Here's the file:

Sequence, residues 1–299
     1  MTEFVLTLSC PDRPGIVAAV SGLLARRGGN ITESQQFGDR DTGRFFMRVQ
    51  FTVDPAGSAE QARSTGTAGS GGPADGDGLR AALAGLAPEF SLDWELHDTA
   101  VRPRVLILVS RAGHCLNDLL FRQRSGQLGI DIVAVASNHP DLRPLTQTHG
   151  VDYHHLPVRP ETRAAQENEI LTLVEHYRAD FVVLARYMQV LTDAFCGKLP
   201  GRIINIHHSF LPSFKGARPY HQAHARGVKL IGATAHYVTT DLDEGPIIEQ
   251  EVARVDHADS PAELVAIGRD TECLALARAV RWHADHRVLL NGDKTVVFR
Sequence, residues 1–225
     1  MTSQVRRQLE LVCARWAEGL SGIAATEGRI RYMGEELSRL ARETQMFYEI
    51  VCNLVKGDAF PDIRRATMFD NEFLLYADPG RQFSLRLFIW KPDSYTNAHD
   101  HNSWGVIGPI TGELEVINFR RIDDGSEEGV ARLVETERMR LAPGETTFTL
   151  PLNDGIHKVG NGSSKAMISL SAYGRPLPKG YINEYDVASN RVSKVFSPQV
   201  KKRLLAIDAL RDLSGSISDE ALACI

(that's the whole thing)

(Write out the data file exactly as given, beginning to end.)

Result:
Sequence, residues 1–299
     1  MTEFVLTLSC PDRPGIVAAV SGLLARRGGN ITESQQFGDR DTGRFFMRVQ
    51  FTVDPAGSAE QARSTGTAGS GGPADGDGLR AALAGLAPEF SLDWELHDTA
   101  VRPRVLILVS RAGHCLNDLL FRQRSGQLGI DIVAVASNHP DLRPLTQTHG
   151  VDYHHLPVRP ETRAAQENEI LTLVEHYRAD FVVLARYMQV LTDAFCGKLP
   201  GRIINIHHSF LPSFKGARPY HQAHARGVKL IGATAHYVTT DLDEGPIIEQ
   251  EVARVDHADS PAELVAIGRD TECLALARAV RWHADHRVLL NGDKTVVFR
Sequence, residues 1–225
     1  MTSQVRRQLE LVCARWAEGL SGIAATEGRI RYMGEELSRL ARETQMFYEI
    51  VCNLVKGDAF PDIRRATMFD NEFLLYADPG RQFSLRLFIW KPDSYTNAHD
   101  HNSWGVIGPI TGELEVINFR RIDDGSEEGV ARLVETERMR LAPGETTFTL
   151  PLNDGIHKVG NGSSKAMISL SAYGRPLPKG YINEYDVASN RVSKVFSPQV
   201  KKRLLAIDAL RDLSGSISDE ALACI